Shaikh is prominent progressive scholar who has offered us systematic non-patriarchal interpretations of the hadith literature. Anchored in a fundamental commitment to justice as a spiritual core of Islam and inspired by a feminist hermeneutic derived from this spiritual core, Shaikh (2004) critiques the implicit androcentric and patriarchal gender ideologies embedded in a selection of hadith found in a traditionally highly esteemed hadith collection, Sahih of Bukhari. She (2012, 26–27) elsewhere terms this approach as a feminist ‘hermeneutics of suspicion’ which “exposes discriminatory structures and values embedded within texts emerging from an exclusively male experiential reality”.
Unlike Mernissi, Shaikh does not adopt the methodology of the classical hadith scholars when engaging in an alternative reading of the hadith literature. She writes:
My paper is not concerned with isnad criticism and historical authenticity. In short, I am concerned with approaching the Hadith as a religio-cultural text which provides a mirror into the dominant conceptions of gender and the category of woman within a formative period of the Muslim legacy, as well as the ways in which these become ideologically functional subsequently in defining religious ideals of gender (2004,100).
Importantly, on the basis of a ’hermeneutics of reconstruction’ (2012, 27), she teases out gender-egalitarian interpretations of the same hadith which run contrary to the dominant one to show “how these texts have potential to not only buttress the functioning patriarchy but also provide alternative liberatory positions of gender within the legacy” (Shaikh, 2004, 99).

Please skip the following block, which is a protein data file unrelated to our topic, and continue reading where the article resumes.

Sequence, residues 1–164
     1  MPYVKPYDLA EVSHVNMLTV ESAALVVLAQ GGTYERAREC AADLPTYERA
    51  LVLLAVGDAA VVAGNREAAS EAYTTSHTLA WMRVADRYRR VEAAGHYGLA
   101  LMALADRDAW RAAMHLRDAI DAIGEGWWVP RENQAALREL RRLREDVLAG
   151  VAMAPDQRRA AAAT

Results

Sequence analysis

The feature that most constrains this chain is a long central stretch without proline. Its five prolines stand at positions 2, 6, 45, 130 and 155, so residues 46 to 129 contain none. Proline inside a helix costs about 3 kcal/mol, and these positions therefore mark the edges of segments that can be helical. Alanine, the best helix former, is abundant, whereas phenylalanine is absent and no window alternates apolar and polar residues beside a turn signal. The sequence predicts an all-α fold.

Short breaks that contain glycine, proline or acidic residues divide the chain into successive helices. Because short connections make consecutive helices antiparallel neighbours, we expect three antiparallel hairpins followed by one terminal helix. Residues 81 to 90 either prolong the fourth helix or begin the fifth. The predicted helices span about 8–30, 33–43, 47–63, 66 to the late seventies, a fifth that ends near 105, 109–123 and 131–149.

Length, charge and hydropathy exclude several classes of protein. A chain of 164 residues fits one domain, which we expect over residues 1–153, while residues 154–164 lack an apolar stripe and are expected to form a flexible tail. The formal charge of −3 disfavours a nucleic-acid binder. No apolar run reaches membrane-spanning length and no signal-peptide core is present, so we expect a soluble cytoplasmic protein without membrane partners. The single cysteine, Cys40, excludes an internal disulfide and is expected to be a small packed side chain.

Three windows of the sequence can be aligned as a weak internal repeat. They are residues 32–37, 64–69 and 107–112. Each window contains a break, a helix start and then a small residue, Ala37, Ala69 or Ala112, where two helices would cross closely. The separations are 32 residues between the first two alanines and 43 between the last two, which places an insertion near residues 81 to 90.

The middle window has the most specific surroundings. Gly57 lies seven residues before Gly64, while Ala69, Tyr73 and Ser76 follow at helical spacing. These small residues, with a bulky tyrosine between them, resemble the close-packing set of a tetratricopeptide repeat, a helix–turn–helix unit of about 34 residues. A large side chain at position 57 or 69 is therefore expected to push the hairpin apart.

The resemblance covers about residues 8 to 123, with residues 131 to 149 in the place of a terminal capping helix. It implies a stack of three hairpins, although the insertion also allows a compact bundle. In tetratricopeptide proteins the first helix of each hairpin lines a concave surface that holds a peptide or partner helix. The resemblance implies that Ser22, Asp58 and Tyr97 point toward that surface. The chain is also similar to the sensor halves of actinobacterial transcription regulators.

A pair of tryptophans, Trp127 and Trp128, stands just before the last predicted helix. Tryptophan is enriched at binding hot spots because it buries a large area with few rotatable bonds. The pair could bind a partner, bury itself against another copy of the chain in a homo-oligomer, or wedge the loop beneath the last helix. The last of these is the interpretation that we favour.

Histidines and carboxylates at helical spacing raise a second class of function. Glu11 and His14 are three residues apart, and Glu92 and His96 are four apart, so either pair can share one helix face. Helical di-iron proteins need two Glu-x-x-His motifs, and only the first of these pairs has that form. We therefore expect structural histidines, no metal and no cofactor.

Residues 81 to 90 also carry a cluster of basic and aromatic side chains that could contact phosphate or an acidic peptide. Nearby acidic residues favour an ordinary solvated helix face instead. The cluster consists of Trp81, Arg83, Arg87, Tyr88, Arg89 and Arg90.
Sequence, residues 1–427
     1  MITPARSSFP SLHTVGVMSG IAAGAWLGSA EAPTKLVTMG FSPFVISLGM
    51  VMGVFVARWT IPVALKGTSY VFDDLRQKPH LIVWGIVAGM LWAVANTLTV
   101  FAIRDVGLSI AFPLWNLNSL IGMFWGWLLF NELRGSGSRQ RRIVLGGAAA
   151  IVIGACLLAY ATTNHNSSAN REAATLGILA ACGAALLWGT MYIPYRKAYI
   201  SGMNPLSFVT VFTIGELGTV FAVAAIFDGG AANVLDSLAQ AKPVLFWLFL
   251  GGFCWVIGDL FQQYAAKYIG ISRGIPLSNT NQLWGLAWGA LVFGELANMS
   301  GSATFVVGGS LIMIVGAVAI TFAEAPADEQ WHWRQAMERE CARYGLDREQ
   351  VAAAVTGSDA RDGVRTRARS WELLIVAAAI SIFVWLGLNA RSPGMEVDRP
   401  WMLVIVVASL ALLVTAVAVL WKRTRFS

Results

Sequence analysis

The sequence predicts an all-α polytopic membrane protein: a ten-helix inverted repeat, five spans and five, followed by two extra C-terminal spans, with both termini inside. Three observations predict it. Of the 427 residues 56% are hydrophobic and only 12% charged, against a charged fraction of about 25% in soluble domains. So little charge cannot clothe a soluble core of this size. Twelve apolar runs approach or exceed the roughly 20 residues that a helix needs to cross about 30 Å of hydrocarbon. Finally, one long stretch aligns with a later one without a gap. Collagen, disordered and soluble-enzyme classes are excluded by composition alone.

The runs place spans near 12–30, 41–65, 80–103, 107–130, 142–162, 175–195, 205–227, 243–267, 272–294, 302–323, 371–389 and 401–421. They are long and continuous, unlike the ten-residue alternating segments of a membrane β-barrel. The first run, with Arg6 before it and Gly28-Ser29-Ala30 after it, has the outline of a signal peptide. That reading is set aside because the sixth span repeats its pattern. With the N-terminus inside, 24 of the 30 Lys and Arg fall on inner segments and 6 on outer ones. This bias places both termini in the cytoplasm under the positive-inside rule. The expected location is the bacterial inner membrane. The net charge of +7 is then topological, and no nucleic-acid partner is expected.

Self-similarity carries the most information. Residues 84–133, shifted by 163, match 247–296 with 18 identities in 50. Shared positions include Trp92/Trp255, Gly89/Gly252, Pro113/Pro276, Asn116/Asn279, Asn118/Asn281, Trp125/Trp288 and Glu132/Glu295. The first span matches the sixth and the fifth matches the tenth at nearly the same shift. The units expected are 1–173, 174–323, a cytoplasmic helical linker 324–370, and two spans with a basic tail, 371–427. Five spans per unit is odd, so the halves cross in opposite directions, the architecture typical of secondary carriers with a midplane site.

As aptly noted by Rhouni (2010, 218) Shaikh “keeps different readings of these hadiths in tension with each other. She affirms the plurality of meaning that the hadiths offer rather than verify their authenticity.”
Shaikh (2004, 99) argues that her approach represents “part of an Islamic feminist approach that destabilizes patriarchal gender constructs and provides alternative approaches to the tradition informed by a religious commitment to gender justice”. As such it offers counter-narratives to dominant constructions of gender-unjust ideologies. Her method is best described as contextualist and is based on a critical, feminist analysis that is sensitive to the manner in which hadith literature is viewed as a vista through which the reader gains an insight into the competing and contesting gender dynamics during the formative period of the Islamic civilization characterized by a tension between the budding Islamic gender-egalitarian ethos and the established and aggressive androcentric Arab culture (Shaikh, 2004, 100). She argues that the strong androcentric model of an ideal human being that permeates classical Islamic thought and that, in contemporary Muslim thought is often taken by many for granted, is contrary to the very core of gender-egalitarian Qur’anic ethics. Based on her contextualist, feminist ‘hermeneutics of suspicion and deconstruction’, Shaikh advocates for an alternative ‘religious anthropology’ of a human person in Islam in “which humanity, male and female, is presented in ways that are holistic, non-hierarchical and egalitarian” (Shaikh, 2004, 107).